| James Theberge |
(diplomat, economist, spook?)
|Born||James Daniel Theberge|
Dec 28, 1930
|Died||Jan 20, 1988 (Age 57)|
Cause of death
|Alma mater||Columbia University, Oxford University, Heidelberg University, Kennedy School of Government|
|Member of||Center for Strategic and International Studies/Board and Staff|
Early life and education
He was born in Oceanside, New York, and received a B.A. from Columbia University in 1952, an M.A. from Oxford University in 1960, and did graduate work at Heidelberg University. He later received an M.P.A. (public administration) from Harvard University in 1965. He was a Littauer Fellow at Harvard.
Theberge served as an economic adviser for the United States Embassy in Argentina from 1961 to 1964. From 1966 to 1969 he served as senior economist for the Inter-American Development Bank in Washington. From 1970 to 1975 he was director of the Latin American and Hispanic Studies Center at Georgetown University. He also taught at St Antony's College, Oxford and St Peter's College, Oxford as well as universities in Argentina, Brazil, and California.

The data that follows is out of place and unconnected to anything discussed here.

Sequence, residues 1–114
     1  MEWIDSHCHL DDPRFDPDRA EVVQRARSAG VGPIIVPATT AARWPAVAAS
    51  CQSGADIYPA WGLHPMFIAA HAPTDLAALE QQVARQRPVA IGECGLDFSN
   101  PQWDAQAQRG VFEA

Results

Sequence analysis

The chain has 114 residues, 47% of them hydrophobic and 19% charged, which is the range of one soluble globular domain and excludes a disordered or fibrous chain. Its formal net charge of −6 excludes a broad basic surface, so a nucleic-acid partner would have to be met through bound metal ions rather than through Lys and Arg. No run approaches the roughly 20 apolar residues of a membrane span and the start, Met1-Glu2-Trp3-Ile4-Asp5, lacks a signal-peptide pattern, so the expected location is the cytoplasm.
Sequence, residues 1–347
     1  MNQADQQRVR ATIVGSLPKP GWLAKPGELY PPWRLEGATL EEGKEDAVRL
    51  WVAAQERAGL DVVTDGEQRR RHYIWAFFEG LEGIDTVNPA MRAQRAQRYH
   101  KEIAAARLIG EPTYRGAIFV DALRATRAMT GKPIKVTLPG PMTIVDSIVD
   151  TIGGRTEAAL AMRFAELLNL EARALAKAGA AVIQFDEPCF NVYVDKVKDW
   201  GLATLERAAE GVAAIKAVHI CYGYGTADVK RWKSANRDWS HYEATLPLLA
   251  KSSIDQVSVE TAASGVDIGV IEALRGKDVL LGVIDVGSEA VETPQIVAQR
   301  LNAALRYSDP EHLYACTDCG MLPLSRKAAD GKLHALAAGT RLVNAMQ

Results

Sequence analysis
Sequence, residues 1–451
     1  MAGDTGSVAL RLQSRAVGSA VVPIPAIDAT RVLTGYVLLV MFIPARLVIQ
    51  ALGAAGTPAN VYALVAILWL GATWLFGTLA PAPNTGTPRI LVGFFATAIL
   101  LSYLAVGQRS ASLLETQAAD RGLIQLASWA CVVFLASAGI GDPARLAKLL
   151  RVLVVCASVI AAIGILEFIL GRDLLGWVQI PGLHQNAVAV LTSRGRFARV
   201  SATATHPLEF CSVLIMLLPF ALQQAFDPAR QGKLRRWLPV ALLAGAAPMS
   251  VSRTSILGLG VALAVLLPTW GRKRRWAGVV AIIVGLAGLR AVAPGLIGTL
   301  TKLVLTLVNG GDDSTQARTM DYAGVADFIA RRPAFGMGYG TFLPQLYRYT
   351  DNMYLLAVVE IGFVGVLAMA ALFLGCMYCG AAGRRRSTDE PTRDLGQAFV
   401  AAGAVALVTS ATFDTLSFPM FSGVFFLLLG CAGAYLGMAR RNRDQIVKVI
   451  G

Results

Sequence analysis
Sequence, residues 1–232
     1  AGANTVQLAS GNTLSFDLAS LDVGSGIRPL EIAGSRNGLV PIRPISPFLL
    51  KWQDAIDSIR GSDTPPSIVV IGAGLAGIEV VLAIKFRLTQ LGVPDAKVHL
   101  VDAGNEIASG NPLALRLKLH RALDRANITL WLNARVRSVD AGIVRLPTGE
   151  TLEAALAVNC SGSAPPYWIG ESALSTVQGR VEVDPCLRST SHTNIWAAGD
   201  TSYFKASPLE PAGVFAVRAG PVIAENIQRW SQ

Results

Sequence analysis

In 1974 and 1975 he was the Latin America project director of the Commission on Critical Choices for Americans. In 1975, he was appointed Ambassador to Nicaragua by President Gerald Ford, serving two years. He then served as president of the Institute for Conflict and Policy Studies, a think tank based in Washington, D.C. from 1977 to 1979 and an adviser to Planning Research Corporation from 1979 to 1981 and adviser to the United States Department of Defense from 1981 to 1982. President Ronald Reagan appointed him Ambassador to Chile in 1982. He remained in this post for three years.
In 1986, he was appointed to the United States International Narcotics Control Commission by Ronald Reagan.He was the Chairman of the National Council on Latin America and a senior counselor of the deep state Atlantic Council.
He was the author of multiple cold-war flavored books, including "Reflections of a Diplomat," published in 1985, "Soviet Presence in Latin America," "Latin America: Struggle for Progress," and "Spain in the '70s.
Theberge died in 1988 after a heart attack on a visit to Jamaica. He was survived by his wife, Giselle Fages Theberge, and three sons, James Christopher, John Paul, and Alexander Leonard, all of Washington.